There are about six major conceptualizations of memory, which I’m calling “memory models”², that dominate today’s programming. Three of them derive from the three most historically important programming languages of the 1950s — COBOL, LISP, and FORTRAN — and the other three derive from the three historically important data storage systems: magnetic tape, Unix-style hierarchical filesystems, and relational databases.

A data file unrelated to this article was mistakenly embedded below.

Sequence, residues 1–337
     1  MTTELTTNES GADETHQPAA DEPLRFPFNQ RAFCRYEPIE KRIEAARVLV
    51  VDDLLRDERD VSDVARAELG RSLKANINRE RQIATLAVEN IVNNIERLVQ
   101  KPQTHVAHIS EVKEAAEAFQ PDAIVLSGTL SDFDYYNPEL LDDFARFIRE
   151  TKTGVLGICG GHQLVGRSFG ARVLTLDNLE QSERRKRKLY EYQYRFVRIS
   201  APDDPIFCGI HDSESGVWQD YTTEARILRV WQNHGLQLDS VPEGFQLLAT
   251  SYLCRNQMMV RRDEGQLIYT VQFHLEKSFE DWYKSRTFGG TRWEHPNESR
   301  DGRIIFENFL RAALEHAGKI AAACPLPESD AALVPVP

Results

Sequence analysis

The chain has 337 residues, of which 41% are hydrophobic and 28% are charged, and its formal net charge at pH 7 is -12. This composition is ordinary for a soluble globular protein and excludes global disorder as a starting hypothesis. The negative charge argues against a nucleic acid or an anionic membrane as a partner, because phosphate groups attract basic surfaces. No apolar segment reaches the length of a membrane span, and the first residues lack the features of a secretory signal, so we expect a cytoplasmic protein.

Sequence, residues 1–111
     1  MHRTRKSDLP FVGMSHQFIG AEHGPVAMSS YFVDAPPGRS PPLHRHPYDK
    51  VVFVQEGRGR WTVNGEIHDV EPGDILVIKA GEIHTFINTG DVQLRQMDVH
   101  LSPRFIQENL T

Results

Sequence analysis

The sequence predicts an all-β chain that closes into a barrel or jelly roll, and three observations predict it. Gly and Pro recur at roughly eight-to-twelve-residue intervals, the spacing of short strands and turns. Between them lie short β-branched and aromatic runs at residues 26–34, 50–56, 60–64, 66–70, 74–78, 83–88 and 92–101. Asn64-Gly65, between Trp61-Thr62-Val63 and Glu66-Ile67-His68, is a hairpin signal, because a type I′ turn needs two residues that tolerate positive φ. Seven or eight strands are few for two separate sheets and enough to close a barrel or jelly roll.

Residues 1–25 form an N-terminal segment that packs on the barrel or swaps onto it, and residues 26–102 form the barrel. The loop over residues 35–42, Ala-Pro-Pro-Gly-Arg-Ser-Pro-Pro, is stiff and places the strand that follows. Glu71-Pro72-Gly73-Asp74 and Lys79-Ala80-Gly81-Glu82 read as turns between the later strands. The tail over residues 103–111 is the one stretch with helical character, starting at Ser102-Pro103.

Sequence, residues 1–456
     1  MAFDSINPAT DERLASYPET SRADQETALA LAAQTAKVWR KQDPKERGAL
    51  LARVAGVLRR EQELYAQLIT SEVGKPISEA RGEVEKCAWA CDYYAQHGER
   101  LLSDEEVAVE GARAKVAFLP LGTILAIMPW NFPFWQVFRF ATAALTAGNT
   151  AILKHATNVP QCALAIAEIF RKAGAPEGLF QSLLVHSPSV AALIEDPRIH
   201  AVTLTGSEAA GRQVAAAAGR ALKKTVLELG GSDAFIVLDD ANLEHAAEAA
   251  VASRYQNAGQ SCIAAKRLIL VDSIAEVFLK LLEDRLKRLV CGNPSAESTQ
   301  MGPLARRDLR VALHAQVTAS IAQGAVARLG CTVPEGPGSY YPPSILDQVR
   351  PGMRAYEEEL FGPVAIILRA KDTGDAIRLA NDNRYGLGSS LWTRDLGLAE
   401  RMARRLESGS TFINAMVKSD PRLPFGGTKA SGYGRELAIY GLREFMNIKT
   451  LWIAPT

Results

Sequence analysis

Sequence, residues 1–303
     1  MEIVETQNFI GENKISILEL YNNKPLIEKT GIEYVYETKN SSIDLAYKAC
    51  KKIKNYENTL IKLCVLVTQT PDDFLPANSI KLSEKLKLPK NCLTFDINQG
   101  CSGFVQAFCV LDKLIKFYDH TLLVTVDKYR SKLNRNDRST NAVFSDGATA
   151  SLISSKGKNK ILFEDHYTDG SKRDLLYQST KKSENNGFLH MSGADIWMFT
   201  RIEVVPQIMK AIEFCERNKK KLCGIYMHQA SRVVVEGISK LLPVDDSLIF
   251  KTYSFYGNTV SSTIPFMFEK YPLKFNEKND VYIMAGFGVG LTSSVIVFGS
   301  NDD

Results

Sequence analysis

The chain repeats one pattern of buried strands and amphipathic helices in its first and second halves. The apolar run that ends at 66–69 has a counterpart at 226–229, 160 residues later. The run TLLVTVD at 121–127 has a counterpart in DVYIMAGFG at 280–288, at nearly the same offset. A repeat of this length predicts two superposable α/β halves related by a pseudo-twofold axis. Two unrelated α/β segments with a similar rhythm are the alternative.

These models shape what our programming languages can or cannot do at a much deeper layer than mere syntax or even type systems. Mysteriously, I’ve never seen a good explanation of them — you pretty much just have to absorb them by osmosis instead of having them explained to you — and so I’m going to try now. Then I’m going to explain some possible alternatives to the mainstream options and why they might be interesting.